Nylas API Contacts CRUD Now Supports iCloud

Now with the support for iCloud contacts, developers can interface with more CRUD-supported, information-dense contacts.

Nylas API Contacts CRUD Now Supports iCloud - Nylas

Previously, we wrote about our development process for shipping the very beginnings of our Contacts v2.0 upgrade which allows developers to sync contact profiles from address books (like Gmail contacts) into SaaS applications with full CRUD features. The initial release allowed developers to sync contacts from Gmail, Microsoft Exchange, Outlook.com, and Office 365 accounts.

We’re continuing to build these features to service more types of accounts, and we recently released bi-directional sync and CRUD for iCloud contacts. Now with support for iCloud contacts, developers can interface with more CRUD-supported, information-dense contacts:





While integrating Contacts v2.0 for iCloud, we ran into a few challenges around multipart formatting, type mapping, and the management of codebase complexity with one-off adaptations for both multipart formatting and type mapping:

Multipart Formatting

One substantial hurdle we faced during this build out process was translating between the different contact providers and our contact models. Each contact provider has its own system and format for collecting contact data. Google has a straightforward interface for its contacts API called gdata, Exchange Active Sync uses tokenized XML through “devices,” and iCloud follows the IETF standard of vCard.

The vCard format that iCloud implements looks like:

FN:John Appleseed
NOTE:Good notes
item1.ADR;TYPE=WORK;TYPE=pref:;;695 Minna St;San Francisco;CA;;United States
TEL;TYPE=CELL;TYPE=pref;TYPE=VOICE:(415) 604-9500

In addition, the parts within a single vCard are different in formatting in small, nuanced ways. Take ADR for example: It follows the format of “{Post Office Address};{Extended Address};{Street};{Locality};{Region};{Postal Code};{Country},” but when iCloud interfaces with the vCard format, the first two parts, Post Office Address and Extended Address, are overall ignored. 

item1.ADR;TYPE=WORK;TYPE=pref:;;695 Minna St;San Francisco;CA;;United States

There were many other tiny details regarding multipart formatting that significantly slowed down the development process when interfacing directly with the vCard format. We learned that interface documentation (like the vCard format, for example) can only take you so far because implementations (like iCloud) follow details that other providers don’t and remedying this requires testing as many types of contact information as possible. Through the testing process, we also discovered that any name or address that included a semicolon within each contact was always incorrect.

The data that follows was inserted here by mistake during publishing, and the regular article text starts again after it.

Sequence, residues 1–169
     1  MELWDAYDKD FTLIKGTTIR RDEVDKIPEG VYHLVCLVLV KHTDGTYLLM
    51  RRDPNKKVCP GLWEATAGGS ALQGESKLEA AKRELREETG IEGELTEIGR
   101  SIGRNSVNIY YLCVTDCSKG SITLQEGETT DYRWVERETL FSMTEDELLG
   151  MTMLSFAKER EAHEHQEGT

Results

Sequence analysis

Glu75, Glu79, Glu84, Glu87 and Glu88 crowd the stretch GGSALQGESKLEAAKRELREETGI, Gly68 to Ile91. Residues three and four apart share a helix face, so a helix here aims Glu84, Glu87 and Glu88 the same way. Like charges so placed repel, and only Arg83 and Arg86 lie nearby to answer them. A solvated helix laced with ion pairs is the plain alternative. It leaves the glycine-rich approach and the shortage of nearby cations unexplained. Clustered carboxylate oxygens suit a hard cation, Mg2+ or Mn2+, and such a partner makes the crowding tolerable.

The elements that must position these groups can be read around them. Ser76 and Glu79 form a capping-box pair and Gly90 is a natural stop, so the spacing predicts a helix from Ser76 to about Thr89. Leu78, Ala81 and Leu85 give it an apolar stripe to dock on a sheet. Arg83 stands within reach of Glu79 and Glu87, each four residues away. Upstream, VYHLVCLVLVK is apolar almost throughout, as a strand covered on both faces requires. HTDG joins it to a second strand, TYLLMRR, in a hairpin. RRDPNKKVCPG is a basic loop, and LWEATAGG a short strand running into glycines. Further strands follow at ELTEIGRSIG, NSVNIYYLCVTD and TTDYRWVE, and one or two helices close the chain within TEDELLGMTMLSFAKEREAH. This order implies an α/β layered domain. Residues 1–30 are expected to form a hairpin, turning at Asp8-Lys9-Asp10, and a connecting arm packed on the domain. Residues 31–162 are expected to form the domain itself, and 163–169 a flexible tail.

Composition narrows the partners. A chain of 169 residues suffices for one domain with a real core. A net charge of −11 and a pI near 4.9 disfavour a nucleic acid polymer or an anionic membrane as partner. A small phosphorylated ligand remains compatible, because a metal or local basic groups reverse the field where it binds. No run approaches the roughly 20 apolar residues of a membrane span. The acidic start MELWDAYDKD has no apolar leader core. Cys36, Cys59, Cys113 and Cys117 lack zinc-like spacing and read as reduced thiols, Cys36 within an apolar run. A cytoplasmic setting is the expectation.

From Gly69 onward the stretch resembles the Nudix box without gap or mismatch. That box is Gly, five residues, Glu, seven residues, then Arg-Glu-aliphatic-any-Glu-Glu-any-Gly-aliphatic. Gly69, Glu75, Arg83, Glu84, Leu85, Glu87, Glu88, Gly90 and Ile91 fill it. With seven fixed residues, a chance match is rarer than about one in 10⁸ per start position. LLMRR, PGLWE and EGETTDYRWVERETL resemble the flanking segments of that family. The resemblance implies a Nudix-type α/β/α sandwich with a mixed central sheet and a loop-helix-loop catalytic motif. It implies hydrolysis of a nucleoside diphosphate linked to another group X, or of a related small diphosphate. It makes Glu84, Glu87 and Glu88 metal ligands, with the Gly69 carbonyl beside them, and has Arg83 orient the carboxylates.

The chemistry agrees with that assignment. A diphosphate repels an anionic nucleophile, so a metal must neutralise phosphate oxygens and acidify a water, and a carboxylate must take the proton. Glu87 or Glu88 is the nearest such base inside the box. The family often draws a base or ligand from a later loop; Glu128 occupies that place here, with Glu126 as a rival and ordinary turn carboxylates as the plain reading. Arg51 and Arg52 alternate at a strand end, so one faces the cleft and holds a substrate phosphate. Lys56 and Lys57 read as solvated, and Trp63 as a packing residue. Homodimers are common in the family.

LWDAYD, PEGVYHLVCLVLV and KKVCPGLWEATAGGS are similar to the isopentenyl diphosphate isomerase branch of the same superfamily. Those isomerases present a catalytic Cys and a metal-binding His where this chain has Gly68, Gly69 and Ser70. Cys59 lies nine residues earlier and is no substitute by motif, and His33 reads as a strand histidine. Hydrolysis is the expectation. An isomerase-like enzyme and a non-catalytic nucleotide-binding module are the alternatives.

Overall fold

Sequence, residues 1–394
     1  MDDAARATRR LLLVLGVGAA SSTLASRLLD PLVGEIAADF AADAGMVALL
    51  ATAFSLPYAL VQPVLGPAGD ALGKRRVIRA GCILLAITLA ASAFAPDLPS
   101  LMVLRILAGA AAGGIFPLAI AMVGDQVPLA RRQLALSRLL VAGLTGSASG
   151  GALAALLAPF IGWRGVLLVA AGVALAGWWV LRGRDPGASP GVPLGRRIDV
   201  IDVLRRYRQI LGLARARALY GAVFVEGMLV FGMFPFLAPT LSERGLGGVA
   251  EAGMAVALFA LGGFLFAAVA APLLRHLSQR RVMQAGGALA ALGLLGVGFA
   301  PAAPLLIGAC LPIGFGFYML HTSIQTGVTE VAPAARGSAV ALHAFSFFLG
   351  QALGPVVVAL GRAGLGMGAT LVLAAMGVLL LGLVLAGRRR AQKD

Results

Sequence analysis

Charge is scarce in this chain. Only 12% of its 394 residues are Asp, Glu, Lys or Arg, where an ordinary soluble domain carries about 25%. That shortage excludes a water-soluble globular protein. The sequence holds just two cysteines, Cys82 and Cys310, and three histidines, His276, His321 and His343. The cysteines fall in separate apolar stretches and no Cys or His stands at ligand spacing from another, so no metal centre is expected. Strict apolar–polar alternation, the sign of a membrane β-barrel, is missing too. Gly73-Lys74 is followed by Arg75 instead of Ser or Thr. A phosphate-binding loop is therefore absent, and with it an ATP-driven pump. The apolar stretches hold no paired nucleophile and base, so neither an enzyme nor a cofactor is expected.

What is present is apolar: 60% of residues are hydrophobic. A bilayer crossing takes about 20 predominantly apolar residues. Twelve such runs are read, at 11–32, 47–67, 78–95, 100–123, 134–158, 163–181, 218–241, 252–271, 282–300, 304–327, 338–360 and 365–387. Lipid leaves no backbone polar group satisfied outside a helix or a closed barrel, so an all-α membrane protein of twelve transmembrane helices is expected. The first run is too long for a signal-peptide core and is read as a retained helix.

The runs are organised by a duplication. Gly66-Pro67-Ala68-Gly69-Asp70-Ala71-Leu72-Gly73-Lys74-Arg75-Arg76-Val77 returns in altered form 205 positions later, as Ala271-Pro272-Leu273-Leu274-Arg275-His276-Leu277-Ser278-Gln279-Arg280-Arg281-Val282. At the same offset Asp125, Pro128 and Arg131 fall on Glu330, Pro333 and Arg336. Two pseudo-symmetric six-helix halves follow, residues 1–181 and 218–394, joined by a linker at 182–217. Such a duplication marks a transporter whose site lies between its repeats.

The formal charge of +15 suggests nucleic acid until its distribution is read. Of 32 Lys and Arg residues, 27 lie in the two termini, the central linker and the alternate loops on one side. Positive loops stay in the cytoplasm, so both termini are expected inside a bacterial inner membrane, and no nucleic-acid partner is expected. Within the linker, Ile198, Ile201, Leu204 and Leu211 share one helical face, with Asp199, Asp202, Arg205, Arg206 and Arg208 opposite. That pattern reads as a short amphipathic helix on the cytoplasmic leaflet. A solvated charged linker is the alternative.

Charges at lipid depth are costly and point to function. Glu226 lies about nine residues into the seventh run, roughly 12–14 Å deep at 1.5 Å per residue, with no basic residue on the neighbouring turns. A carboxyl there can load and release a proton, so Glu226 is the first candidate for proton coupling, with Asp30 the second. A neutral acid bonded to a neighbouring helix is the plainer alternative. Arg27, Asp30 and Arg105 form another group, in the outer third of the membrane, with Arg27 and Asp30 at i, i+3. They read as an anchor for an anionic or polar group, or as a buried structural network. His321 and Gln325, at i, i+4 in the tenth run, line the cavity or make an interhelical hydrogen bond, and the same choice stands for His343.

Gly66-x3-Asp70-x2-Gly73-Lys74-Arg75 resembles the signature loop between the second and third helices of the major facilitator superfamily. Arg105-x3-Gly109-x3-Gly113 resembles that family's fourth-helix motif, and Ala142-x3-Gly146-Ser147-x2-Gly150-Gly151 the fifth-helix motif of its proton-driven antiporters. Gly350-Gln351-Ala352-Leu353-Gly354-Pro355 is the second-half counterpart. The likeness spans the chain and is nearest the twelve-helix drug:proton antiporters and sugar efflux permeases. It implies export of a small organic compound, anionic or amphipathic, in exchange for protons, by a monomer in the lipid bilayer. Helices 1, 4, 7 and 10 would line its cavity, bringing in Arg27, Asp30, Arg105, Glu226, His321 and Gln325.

Type Mapping

As another added complexity to the translation, we learned that on top of weird formatting nuances, iCloud fields also have type mappings that are somewhat unintuitive.

Remember that IMAP example from before?


You’ll notice that the URI value aim:aimaddress also prepends a protocol and colon; in this case, it’s aim.  Instead of a one-to-one mapping from IMAP service to protocol, the mapping is sometimes many-to-one: both AIM and ICQ use the OSCAR protocol, and iCloud labels this protocol aim. Similarly, QQ and Gadu-Gadu are both labelled with the x-apple protocol.

Although vCard fields like TEL label types with TYPE, IM addresses are different in that they have more “types.” The most important of all is provider, and it’s labeled with X-SERVICE-TYPE.


Another example is phone type mappings: A phone labelled as “Home fax” on an iCloud contact is represented as TYPE=HOME;TYPE=FAX instead of TYPE=HOME FAX. The same is true for a phone labelled as “Work fax”: It’s labelled as TYPE=WORK;TYPE=FAX instead of TYPE=WORK FAX.

Determining these complicated mappings required testing with a single contact that had multiple different types of phone numbers and IM addresses. This made it easier to work around these hurdles.

Managing Codebase Complexity

The growth of our codebase with one-off adaptions for different fields and types was a second order effect of the disconnect between interface and implementation. It made our code reviews harder because the iCloud contacts sync was intermingled with the translation between the vCard and contact, so there was no clear delegation of tasks.

About 2/3 of iCloud v2.0 upgrade’s development was simply this translation. The first half was the pulling of contacts from iCloud, and this complexity was doubled when translating the other way around with CRUD functionality. We realized that we needed a separate adaptor to service the needs of the two-way translation.

Separating the sync and translation functionalities by creating an adaptor solely for iCloud translation reduced our sync logic code by 60% and made our system even more modular. It also made our code reviews a lot easier, which we love!

But reducing all of this complexity for our customers also means that using the Nylas API removes the nightmare of interfacing with implementation-specific details of large protocols and substitutes it with a simple and pleasant experience.

We’d love for you to try it out: head over to our API docs or one of our SDKs to get started.

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